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Byron Shire
March 31, 2023

Should Splendour stay- or stay away?

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End the hypocrisy

I am dismayed with the lack of balance in the public discussion over the Yelgun events site. There is ample evidence that a deliberate and unfettered campaign of misinformation and lies is well underway. Basing any argument on myths and fallacy is both dangerous and unwise: our society will crumble, doofs every night, decimation of wildlife, crime waves, traffic chaos, sewerage overload, waste management crisis – all demonstrable nonsense.

I read the (Planning NSW) Director General’s Environmental Assessment report and the site concept plan and discovered an astonishing complexity and attention to detail in every facet of the proposal. More importantly, the project develops in phases based on definite criteria defined as Key Performance Indicators which must be met in order for the project to reach its maximum capacity – a capacity the alarmists would have us wrongly believe begins with multiple 50,000-person events per year. Importantly, these KPIs include ongoing environmental monitoring and event impact assessment.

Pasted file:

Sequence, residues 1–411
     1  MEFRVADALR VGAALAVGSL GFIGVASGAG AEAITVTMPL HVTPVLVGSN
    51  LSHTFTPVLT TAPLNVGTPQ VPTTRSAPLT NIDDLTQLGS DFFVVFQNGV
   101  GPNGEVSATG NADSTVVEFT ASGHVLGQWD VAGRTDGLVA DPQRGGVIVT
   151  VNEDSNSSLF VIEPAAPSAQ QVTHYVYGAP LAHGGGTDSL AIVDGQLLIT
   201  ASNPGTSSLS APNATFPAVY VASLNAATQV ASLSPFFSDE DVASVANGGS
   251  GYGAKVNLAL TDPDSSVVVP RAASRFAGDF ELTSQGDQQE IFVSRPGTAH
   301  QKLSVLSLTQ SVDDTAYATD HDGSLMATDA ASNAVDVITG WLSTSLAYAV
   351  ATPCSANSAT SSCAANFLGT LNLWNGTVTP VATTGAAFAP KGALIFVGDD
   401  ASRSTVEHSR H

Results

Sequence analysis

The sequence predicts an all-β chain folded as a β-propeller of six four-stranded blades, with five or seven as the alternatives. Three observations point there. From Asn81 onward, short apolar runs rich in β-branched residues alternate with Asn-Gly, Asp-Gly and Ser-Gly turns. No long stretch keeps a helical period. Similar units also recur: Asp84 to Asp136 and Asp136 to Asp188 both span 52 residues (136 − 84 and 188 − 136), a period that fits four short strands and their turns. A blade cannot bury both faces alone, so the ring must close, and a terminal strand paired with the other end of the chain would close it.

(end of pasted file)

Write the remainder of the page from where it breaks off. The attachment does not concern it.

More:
There is no doubt of the economic benefit festivals bring to the region. An estimated $21m per annum just in the present format alone. This sum is not pocketed solely by a greedy promoter; some 200 jobs will be created in a region with high unemployment, $100,000 per annum gifted to community groups, a conference and cultural centre to name but a few ongoing economic and cultural benefits.

I thought it prudent to poll the Woodford community to discover any horror stories surrounding the relocation of the Splendour in the Grass Festival to that region. I found none. After a long discussion with the councillor for Woodford, and other members of this small community, it became obvious why his council and the majority of the wider community wanted Splendour to stay – the benefits far outweighed the costs.

We should not forget that after considering objections our local council gave approval for a trial DA for Splendour, defeated as it was by a minor legal technicality largely responsible for kicking the approval process up to the state level. Let’s end the hypocrisy and bring Splendour home!

Duncan Shipley-Smith

Byron Bay

Viable alternatives

For North Byron Shire Parklands to get recommendation from NSW Dept of Planning for many festivals, up to 50,000 people, at Yelgun in perpetuity beggars belief. This would be a social and environmental disaster for our Shire.

Written concerns from nine major public authorities cited in the DoP report are ignored, including state police, environment and heritage, water, roads, flood and fire authorities. Statistics of submissions in favour are skewed due to NBSP canvassing its database of non-local fans whose only interest is to go to a festival.